NEW YORK (WETM) – New Yorkers are still feeling the pinch on their wallets when they go to the grocery store as inflation runs rampant down the aisles. The NYS Division of Consumer Protection has issued a list of tips on how to save at the grocery store as part of a series of alerts intended to help New Yorkers with rising costs.

The series will give guidance on how New Yorkers can save on utilities, good, energy, transportation, entertainment and other shopping costs. NYS said from November 2021 to Nov. 2022, food prices in the Empire State increased 12% and are expected to go up another 3-4% in 2023.

“During financially challenging times, it’s important to choose fresh and wholesome food for your family,” said NYS Agriculture Commissioner Richard Ball, “not only for its nutritional value but also for its economic value as fresh foods that are minimally processed, when properly refrigerated, can last longer, extending your budget so that you can provide more meals for your family throughout the week.”

Here’s a list of tips from the NYS DCP to save on groceries:

  • Plan your meals. Planning meals in advance, including breakfast, lunch and dinner, will reduce food waste and cut down on expensive meal delivery or dining-out costs. Make a grocery list to support the plan and reduce impulsive purchases. 
  • Look for deals. Plan meals around a few bulk ingredients or based on the weekly grocery sales circular to ensure you’re buying items on sale. Take advantage of store savings and enroll in store reward programs. Search for online coupons, use store savings and rewards cards, and watch for manufacturer coupons attached to the items in-store. 
  • Shop strategically for food. Take inventory of what you have at home before going shopping. Go to the grocery store with a list, having planned out your meals until your next grocery trip. 
  • Reduce food waste:
    • Learn about food product dating. According to the FDA, confusion over date labeling accounts for an estimated 20 percent of consumer food waste. Important tips to know:
      • Except for infant formula, manufacturers are not required by Federal law or regulation to place quality-based date labels on packaged food.
      • Manufacturers apply date labels at their own discretion and for a variety of reasons. The most common is to inform consumers and retailers of the date to which they can expect the food to retain its desired quality and flavor.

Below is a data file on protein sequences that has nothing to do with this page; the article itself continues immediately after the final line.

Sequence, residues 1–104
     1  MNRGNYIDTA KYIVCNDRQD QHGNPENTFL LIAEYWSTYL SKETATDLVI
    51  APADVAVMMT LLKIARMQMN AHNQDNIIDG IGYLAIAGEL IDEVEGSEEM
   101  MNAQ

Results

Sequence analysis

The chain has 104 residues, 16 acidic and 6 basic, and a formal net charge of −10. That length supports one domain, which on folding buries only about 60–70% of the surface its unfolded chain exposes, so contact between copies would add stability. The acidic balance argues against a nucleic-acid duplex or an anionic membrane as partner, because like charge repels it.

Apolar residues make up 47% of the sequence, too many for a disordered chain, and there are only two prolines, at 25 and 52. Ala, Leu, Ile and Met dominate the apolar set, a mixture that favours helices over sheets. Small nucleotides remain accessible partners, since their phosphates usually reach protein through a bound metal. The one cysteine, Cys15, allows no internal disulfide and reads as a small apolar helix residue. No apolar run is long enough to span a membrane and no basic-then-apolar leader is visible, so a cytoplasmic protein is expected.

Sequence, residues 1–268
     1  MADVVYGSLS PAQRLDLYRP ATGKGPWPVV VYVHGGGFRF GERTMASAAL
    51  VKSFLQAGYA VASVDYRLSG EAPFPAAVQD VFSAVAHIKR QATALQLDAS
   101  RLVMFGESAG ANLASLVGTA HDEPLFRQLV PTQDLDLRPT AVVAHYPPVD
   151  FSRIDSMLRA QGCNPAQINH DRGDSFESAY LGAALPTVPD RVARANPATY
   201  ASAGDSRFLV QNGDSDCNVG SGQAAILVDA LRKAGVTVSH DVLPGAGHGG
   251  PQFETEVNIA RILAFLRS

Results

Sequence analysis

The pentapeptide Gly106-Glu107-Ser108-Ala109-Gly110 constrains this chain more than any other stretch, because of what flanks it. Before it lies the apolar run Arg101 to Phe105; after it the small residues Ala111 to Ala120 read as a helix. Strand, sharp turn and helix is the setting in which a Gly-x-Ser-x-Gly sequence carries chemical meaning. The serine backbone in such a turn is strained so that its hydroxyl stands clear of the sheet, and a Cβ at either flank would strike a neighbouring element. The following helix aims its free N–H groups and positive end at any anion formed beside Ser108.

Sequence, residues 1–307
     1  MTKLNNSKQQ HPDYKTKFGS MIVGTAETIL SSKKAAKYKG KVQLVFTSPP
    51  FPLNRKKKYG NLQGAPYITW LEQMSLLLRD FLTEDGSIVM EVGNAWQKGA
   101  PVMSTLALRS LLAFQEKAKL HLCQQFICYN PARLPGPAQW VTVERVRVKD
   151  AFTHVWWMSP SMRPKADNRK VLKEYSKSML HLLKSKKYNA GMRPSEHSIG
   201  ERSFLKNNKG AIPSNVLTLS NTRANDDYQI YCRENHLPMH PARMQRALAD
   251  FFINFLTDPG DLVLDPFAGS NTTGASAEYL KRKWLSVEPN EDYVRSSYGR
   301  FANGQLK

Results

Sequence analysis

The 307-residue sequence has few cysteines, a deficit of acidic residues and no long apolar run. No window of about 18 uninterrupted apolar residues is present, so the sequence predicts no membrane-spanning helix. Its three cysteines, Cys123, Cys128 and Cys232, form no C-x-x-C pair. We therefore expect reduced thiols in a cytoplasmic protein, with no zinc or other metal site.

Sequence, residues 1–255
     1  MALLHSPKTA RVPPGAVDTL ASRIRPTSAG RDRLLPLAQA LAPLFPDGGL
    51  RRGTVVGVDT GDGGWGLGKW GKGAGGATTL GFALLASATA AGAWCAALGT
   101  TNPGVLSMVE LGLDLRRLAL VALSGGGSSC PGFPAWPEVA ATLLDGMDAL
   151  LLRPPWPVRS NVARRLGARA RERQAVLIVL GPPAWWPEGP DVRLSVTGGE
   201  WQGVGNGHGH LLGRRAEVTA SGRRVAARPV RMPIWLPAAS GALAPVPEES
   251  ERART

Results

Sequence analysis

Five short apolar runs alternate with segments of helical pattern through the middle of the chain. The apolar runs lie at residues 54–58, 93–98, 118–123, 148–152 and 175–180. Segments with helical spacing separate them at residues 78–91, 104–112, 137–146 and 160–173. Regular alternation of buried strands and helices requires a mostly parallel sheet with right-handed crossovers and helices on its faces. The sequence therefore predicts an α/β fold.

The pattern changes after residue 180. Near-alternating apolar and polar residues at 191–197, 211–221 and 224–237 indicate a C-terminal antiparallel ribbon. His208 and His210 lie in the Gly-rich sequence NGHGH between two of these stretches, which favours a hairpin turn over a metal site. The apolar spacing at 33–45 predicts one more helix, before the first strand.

• Best if Used By is the standard phrase to indicate the date until which a product will be at its best flavor and quality, not the date an item will spoil. Consumers should examine foods that are past their Best if Used By date for signs of spoilage before they throw them away.
        • For example, bread past its Best if Used By date may be stale, but if it is not moldy or spoiled, it could be used to make French toast, croutons, breadcrumbs and several other items you may otherwise buy at the store.
      • To learn more tips on how to cut food waste, visit
  • Use your freezer. Freezing is a great way to store most foods to keep them from going bad until you are ready to eat them.
  • Understand food and beverage storage. It will help you maximize the freshness and quality of items. Visit FoodKeeper for information on how to safely store different foods to maintain freshness and quality.
  • Got Leftovers? Make one dinner a week your ‘smorgasbord night’. Reheat those leftovers as is or turn them into an entirely different meal by adding some additional ingredients. 
  • Consider planting a garden in the Spring. This can help save both time and money. Turn those harvested fresh veggies into lunches and dinners, and then can or freeze your excess harvest to enjoy it all year long.
  • Wholesale clubs. Purchase in bulk to save money on items you frequently buy. Wholesale shopping also allows you to stock up for fewer shopping trips. Some wholesale clubs allow membership sharing, and that could mean splitting the membership fee with a friend or family member. Remember to cancel memberships you aren’t using.
  • Buy seasonal fruits and vegetables. Many fruits and vegetables peak at a certain time of year. Prices normally drop when they’re in season and rise when they’re not. Learn what’s in season with this guide to New York’s produce.